Derek Chauvin’s attorneys file petition asking U.S. Supreme Court to review case

Chauvin's attorney told Alpha News that the case is of "nationwide significance," arguing that police departments are unable to recruit officers because they fear they will be unfairly prosecuted.

A Hennepin County sheriff's deputy takes Derek Chauvin into custody after the verdict was read. (YouTube screenshot)

Derek Chauvin’s new legal team has filed a petition asking the nation’s highest court to hear his case. The official U.S. Supreme Court filing comes after the Minnesota Supreme Court declined to hear the case in July.

The 47-page petition points to a heavily fortified Hennepin County Courthouse during Chauvin’s trial, violent threats, jury intimidation, and a local press that “glorified Mr. Floyd” as reasons the country’s top court should grant him a new trial.

A jury found Chauvin guilty of unintentional second-degree murder, third-degree murder, and second-degree manslaughter in April 2021 for the death of George Floyd in May 2020.

He is currently serving a more than 22-year prison sentence at a federal prison in Tucson, Ariz.

Chauvin’s attorney, William Mohrman, acknowledged the long road ahead as the U.S. Supreme Court only hears about 100 appeals of the 7,000 cases it’s asked to review each year.

In a statement to Alpha News, Mohrman said the case is being watched closely across the country.

“Specifically, we argued the Minnesota Courts violated Mr. Chauvin’s right to a fair trial under the Sixth Amendment by refusing to transfer his trial to a location in Minnesota which was not affected by the George Floyd riots … If the jurors acquitted Mr. Chauvin, they would have been bracing for a resumption of riots in their own community and possible threats to their own personal safety — which virtually all the jurors expressed when questioned by the attorneys prior to trial,” Mohrman said.

“Supreme Court precedent provides that such cases should presumptively be transferred without any finding of actual juror bias — in the other words, the bias is presumed. Finally, the Sixth Amendment issue is now of nationwide significance as police departments are either losing officers or are unable to recruit new officers because of those officers’ fears that they could become caught up in a criminal trial in front of a jury which would likewise be reluctant to fairly decide the case because of the threat of riots in the event of an acquittal,” he added.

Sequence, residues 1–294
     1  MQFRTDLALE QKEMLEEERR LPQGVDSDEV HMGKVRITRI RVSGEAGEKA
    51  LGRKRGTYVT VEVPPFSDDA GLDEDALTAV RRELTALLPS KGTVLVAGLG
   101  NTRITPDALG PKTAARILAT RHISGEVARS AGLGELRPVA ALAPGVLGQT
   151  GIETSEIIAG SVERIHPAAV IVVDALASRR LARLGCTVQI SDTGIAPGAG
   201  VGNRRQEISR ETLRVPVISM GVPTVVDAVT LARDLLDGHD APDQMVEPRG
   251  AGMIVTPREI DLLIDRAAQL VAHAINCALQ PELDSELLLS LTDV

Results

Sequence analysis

As the petition argues, “government officials presumed that community passions were so inflamed that rioters may invade the courthouse itself during the trial.”

“As a result, the courthouse was surrounded by barbed wire and concrete block and protected by the National Guard troops and two armored personnel carriers,” it says.

Jurors were “not sequestered until after closing arguments” and they “were exposed to this protection every day as they came to the courthouse from March 8th through the April 20th verdict,” the petition states.

The filing also describes the fear jurors experienced.

“One juror testified of being ‘terrified’ to serve and another stated that ‘I do [have concerns for my personal safety] for afterwards because I know [my identity] would be public information, and it really depends on how the trial — end results.'”

Chauvin’s defense attorney for his state trial reported that his office “received over a thousand negative or threatening emails alone,” the petition states.

Still, the trial court denied a change of venue request.

The petition also takes note of Juror 52, who has since publicly identified himself as Brandon Mitchell.

“Juror 52’s responses were false. Chauvin’s trial counsel learned that Juror 52 had participated in a Washington, D.C. ‘Commitment March: Get Your Knee Off our Necks’ in August 2020 which arose from the death of Mr. Floyd and that a photo of Juror 52 at the march showed Juror 52 attended the march and wore a ‘Get Your Knee Off Our Necks BLM’ t-shirt and a ‘Black Lives Matter’ baseball cap,” the petition states.

Chauvin spoke exclusively to Alpha News for its upcoming documentary “The Fall of Minneapolis,” which will premiere on Nov. 16.


Liz Collin

Liz Collin has been a truth-teller for 20 years as a multi-Emmy-Award-winning reporter and anchor. Liz is a Worthington, Minnesota native who lives in the suburbs with her husband, son and loyal lab.